B.N.F. Warnakulasuriya, J.W.D. Chaminda


The concept of consumer involvement (CI) has received widespread attention in the marketing domain over the last three decades. In marketing literature, CI is perceived as one of the central determinants of consumer behaviour and is integral to decision making. Academic marketing researchers and practitioners alike have advocated the tailoring of marketing strategies to meet differences in the level of CI in product purchase decisions. This requires an understanding of how CI varies across product categories. Hence, in this study, the researchers intend to examine whether CI varies over the product categories. The product categories selected for the study includes products with high search qualities (e.g. - cloths) and products with high experience qualities (e.g. – hair cut). Unit of analysis was individual consumers. 200 individuals were selected by employing the convenient sampling procedure. CI was measured using scales developed by Mittal (1989) and Zaichkowsky (1985). However, the validity and the reliability of the measurement scales were tested. The t-test for related samples (Tull & Hawkins, 1997) was performed to examine whether a significant difference exits among the mean scores of CI across the product categories. The results disclose that there is significant difference of CI value among the product categories. Therefore, marketers should design appropriate marketing mix strategies highlighting search qualities, experience qualities separately for the two product categories.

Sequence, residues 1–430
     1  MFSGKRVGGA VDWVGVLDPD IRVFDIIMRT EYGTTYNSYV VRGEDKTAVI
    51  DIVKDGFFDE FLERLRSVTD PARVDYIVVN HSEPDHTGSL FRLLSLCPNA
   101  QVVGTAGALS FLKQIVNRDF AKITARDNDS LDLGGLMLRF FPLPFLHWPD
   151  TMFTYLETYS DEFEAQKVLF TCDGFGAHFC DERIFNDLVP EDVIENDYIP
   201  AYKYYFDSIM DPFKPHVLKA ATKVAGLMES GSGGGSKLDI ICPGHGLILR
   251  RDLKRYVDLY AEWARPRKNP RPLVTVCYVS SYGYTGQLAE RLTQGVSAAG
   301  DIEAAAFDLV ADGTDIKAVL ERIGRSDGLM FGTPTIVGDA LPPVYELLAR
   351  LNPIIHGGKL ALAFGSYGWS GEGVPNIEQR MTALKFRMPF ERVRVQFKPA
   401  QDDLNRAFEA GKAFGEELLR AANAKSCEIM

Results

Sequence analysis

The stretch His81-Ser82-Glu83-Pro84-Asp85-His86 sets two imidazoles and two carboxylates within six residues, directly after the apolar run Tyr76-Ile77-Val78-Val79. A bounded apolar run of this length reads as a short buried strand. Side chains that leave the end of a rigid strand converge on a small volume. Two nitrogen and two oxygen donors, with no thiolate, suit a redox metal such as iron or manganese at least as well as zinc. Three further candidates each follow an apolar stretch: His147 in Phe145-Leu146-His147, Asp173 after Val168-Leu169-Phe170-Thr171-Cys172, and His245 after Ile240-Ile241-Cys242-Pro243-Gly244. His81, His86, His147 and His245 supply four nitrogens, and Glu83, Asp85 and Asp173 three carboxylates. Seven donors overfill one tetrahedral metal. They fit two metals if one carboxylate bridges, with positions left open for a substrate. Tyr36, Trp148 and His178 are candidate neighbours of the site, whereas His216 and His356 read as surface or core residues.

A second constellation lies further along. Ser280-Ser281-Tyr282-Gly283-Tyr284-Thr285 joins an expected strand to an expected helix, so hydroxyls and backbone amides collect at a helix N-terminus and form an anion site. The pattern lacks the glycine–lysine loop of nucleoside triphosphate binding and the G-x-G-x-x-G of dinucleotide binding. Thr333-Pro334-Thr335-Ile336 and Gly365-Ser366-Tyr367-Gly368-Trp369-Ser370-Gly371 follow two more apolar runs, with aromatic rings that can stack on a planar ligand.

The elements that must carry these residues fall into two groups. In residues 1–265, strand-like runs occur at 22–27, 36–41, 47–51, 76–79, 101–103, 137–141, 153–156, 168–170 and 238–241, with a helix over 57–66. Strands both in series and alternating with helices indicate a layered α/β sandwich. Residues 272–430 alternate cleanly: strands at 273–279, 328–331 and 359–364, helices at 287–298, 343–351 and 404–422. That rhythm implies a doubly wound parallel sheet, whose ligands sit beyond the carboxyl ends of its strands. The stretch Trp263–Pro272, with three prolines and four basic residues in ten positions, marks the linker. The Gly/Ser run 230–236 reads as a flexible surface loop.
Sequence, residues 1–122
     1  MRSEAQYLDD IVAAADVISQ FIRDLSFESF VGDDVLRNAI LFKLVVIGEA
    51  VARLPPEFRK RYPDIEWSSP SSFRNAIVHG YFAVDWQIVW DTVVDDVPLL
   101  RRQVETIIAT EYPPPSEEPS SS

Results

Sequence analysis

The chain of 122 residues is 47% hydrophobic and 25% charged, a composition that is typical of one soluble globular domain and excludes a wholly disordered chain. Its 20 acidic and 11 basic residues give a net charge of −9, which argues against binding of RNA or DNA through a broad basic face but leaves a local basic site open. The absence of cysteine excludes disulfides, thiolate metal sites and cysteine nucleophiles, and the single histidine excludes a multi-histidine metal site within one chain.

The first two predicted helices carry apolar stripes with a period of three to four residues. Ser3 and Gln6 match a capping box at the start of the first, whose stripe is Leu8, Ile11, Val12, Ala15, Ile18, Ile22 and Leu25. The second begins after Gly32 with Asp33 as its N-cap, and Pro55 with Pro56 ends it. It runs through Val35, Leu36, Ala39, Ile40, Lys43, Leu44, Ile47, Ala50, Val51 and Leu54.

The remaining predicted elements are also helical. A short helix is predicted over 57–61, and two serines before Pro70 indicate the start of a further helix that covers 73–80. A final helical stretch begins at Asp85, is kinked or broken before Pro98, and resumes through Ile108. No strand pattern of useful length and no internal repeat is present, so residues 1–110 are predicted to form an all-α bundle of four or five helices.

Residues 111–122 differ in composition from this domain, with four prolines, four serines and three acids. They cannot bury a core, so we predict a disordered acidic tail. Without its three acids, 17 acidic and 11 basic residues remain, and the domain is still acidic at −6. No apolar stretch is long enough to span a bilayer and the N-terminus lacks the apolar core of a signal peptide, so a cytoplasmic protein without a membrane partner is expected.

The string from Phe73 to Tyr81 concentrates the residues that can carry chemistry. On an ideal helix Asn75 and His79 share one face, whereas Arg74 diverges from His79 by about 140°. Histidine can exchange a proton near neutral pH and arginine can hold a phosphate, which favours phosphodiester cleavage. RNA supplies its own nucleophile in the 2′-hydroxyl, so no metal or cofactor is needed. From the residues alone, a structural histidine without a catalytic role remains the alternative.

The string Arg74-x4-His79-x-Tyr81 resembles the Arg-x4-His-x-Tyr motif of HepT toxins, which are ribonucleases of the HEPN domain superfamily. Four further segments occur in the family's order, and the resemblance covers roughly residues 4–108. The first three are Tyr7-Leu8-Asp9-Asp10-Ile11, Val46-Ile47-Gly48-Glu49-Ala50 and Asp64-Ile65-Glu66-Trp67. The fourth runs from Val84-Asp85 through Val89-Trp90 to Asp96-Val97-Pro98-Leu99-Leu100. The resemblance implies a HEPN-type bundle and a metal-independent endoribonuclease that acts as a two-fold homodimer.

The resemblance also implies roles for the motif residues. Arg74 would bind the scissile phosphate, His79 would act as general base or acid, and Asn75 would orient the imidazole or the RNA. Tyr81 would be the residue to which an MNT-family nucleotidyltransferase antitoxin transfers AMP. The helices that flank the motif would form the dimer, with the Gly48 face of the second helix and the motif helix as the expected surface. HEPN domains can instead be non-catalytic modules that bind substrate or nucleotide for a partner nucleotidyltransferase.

Key Words: Consumer Behavior, consumer involvement, product categories, Sri Lanka


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Faculty of Management Studies & Commerce